Eight journalists were kidnapped in a northern Mexican border city over a period of two weeks in a wave of abductions unprecedented in the Western Hemisphere, the Inter-American Press Association reported.
The group said Wednesday that only three of the journalists kidnapped between Feb. 18 and March 3 in Reynosa, across the border from McAllen, Texas, have reappeared: Two were released alive and one was found dead with signs of torture. Five are still missing.
"The Mexican government must act with urgency and with due force to rescue these journalists alive," said IAPA President Alejandro Aguirre.
Aguirre called the abductions "serious and without precedent in the Western Hemisphere."
The kidnappings are believed to have been carried out by drug gangs in the Gulf coast state of Tamaulipas, where Reynosa is located.
State prosecutors in Tamaulipas and the federal Attorney General's Office in Mexico City could not immediately confirm the report.
The press association said those close to the victims had been too afraid to report the abductions. The reporters work for print, radio and other news media outlets.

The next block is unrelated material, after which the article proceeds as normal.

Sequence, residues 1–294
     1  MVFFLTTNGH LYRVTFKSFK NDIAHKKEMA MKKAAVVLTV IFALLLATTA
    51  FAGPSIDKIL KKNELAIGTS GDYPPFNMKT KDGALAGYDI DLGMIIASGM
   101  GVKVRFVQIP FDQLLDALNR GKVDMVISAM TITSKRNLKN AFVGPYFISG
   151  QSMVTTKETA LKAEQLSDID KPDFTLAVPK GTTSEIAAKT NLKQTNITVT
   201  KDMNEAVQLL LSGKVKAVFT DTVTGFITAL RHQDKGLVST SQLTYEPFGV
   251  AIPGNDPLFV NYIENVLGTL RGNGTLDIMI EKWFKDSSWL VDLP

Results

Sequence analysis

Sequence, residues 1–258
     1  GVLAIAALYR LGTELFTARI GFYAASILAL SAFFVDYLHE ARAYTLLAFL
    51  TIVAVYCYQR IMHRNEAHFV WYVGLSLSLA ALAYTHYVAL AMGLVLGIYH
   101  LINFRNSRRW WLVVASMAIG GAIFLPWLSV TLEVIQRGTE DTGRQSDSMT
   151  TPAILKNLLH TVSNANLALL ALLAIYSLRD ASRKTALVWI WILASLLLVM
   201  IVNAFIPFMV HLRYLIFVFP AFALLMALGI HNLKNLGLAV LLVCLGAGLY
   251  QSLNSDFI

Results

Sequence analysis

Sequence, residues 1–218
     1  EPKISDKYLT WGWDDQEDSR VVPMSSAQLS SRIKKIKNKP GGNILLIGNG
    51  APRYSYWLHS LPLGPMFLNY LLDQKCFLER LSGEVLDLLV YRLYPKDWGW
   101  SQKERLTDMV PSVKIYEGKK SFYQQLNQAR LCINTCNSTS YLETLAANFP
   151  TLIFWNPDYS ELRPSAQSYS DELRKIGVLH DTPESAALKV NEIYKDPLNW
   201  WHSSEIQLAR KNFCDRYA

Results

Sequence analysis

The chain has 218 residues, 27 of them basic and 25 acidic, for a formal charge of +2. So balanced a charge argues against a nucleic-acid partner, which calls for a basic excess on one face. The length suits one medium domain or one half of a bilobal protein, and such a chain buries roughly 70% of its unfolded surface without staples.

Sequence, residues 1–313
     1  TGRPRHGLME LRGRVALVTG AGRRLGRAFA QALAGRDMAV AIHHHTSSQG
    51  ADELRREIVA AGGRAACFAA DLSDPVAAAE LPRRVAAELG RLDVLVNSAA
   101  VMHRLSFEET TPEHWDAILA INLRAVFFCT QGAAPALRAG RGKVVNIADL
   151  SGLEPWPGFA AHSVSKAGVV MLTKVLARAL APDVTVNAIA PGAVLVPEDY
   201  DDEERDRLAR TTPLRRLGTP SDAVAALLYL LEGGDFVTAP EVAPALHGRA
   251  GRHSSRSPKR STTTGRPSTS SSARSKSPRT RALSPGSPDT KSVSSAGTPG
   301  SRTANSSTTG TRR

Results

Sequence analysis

On Thursday, the McAllen Monitor, a south Texas newspaper across the border from Reynosa, told its staff that they could not travel to Reynosa on assignment until further notice.
Reynosa and several other cities in Tamaulipas have suffered a wave of shootouts attributed to turf battles between the powerful Gulf drug cartel and its former allies, a gang of hit men known as the Zetas.
The press group cited "IAPA sources who declined to name the victims or file formal complaints with the authorities out of fear of retaliation or further endangering the victims' lives."
The level of intimidation has been such that most Mexican news media did not even report on the Reynosa kidnappings.
The Mexico City newspaper Milenio mentioned one -- but in an opinion column, not a news article.
The column, penned by journalist Ciro Gomez Leyva, said that one of the newspaper's reporters and a cameraman had been briefly abducted in Reynosa and released.
The kidnappers appeared to be cartel hit men, who told the reporters, "Don't come and stir things up on our turf," Gomez Leyva wrote.
The two journalists left Reynosa, deciding that "nothing more should be known or told ... and we obeyed," Gomez Leyva wrote, concluding, "Journalism is dead in Reynosa."
Several international news-media watchdog groups have named Mexico the most dangerous country in the Americas for journalists. Some Mexican media have toned down their coverage of drug-gang violence -- or stopped reporting it altogether -- out of fear for reporters' safety.
Authorities have confirmed the slayings of at least three Mexican journalists so far this year. Twelve reporters were killed in 2009.
All together, 60 journalists have been killed in the country since 2000, according to the Mexican National Human Rights Commission.
AP Writer Christopher Sherman contributed to this report